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I've got a directory with a list of pdfs in it:

file1.pdf, file2.pdf, morestuff.pdf ... etc.

I want to convert these pdfs to pngs, ie

file1.png, file2.png, morestuff.png ... etc.

The basic command is,

convert from to,

But I'm having trouble getting convert to rename to the same file name. The obvious 'I wish it worked this way' is

convert *.pdf *.png

But clearly that doesn't work. My thought process is that I should utilize regular expression grouping here, to say somethink like

convert (*).pdf %1.png

but that clearly isn't the right syntax. I'm wondering what the correct syntax is, and whether there's a better approach (that doesn't require jumping into perl or python) that I'm ignoring.


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Thanks everybody! –  AlexeyMK Mar 12 '10 at 7:39

4 Answers 4

up vote 5 down vote accepted
for files in *.pdf 
   if [ -f "$files" ];then
      convert "$files" "${files%.pdf}.png"

if you need to do it recursively,

find /path -type f -iname "*.pdf" | while read -r FILE
   convert "$FILE" "${FILE%.pdf}.png"
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Internet surfer: If you're looking for a one-line solution, see below. –  AlexeyMK Mar 12 '10 at 7:41
for f in *.pdf
  convert "$f" "${f%.pdf}.png"
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That appears to work, thank you! Can you elaborate on how/why? –  AlexeyMK Mar 12 '10 at 0:01
It uses parameter substitution to cut away the extension, then replaces it with its own. tldp.org/LDP/abs/html/parameter-substitution.html –  Ignacio Vazquez-Abrams Mar 12 '10 at 0:08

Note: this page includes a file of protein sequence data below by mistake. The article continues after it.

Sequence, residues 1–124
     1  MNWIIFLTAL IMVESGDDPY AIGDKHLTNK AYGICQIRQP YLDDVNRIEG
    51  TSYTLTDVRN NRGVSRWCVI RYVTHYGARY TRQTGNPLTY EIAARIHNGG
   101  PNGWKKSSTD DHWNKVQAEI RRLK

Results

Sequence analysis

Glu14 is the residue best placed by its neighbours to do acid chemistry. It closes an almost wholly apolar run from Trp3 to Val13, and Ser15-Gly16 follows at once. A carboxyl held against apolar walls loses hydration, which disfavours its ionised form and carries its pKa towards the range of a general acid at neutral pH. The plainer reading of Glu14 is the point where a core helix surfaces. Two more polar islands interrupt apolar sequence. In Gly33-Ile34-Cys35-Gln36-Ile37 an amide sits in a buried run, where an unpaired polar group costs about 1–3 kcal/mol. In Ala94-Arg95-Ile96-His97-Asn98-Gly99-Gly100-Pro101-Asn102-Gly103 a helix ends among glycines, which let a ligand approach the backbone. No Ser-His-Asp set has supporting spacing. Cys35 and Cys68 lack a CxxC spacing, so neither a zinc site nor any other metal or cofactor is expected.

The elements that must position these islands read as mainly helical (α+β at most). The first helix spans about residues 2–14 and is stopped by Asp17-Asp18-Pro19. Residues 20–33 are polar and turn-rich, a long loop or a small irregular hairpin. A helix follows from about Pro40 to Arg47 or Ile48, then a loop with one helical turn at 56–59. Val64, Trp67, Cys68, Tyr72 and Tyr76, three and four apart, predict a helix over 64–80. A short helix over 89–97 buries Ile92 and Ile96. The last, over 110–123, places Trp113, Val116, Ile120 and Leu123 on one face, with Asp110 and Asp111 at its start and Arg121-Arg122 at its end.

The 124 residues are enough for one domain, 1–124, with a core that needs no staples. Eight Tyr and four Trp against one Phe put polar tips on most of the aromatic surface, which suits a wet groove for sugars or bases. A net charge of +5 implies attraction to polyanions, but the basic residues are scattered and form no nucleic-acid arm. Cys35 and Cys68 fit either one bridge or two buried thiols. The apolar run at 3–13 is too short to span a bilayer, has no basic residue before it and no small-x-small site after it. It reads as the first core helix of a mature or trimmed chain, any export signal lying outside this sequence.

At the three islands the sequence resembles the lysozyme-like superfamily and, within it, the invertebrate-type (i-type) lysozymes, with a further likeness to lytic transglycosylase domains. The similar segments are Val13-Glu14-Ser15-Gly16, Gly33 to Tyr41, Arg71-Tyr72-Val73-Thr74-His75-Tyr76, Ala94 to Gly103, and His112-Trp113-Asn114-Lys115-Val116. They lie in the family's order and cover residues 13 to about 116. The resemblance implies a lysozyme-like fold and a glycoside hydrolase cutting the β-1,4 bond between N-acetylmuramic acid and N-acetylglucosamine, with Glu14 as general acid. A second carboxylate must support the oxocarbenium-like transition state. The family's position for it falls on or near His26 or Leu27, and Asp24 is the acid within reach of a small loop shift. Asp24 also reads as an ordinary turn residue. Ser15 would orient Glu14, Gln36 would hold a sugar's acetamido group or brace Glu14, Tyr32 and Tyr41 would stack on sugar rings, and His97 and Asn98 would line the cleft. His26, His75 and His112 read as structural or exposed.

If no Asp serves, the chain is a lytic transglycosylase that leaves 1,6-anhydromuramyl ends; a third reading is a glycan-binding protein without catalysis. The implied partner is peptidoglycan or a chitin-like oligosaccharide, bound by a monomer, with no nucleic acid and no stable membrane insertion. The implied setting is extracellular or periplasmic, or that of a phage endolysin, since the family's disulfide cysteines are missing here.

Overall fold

If you really wanted to use regex, Bash≥3.1 supports regular expressions.

for f in *.pdf; do
    [[ $f =~ ^(.*)\.pdf$ ]] &&
    convert "$f" "${BASH_REMATCH[1]}.png"

And all systems should have the shell utility expr.

for f in *.pdf; do
    match=$(expr "$f" : '\(.*\)\.pdf$') &&
    convert "$f" "$match.png"

But Bash's parameter expansion (as demonstrated in the other answers) works better for simple cases like this.

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ls *.pdf | sed 's/\"/\\"/;s/^\(.*\).pdf$/convert "&" "\1.png"/' | bash
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What if the filenames contain backslashes or quotation marks? –  ephemient Mar 12 '10 at 2:05
have you tried the command? it works fine with backslash or quotes. –  ghostdog74 Mar 12 '10 at 2:52
touch \".pdf or heck, to be evil, touch '$(rm -rf /).pdf' –  ephemient Mar 12 '10 at 3:36
you won't be able to create touch '$(rm -rf /).pdf' because / is illegal for file name. As for quotes, its a matter of escaping. –  ghostdog74 Mar 12 '10 at 3:52
way to get it to work inline. File names didn't (in this case) contain any potentially worrysome characters. –  AlexeyMK Mar 12 '10 at 7:40

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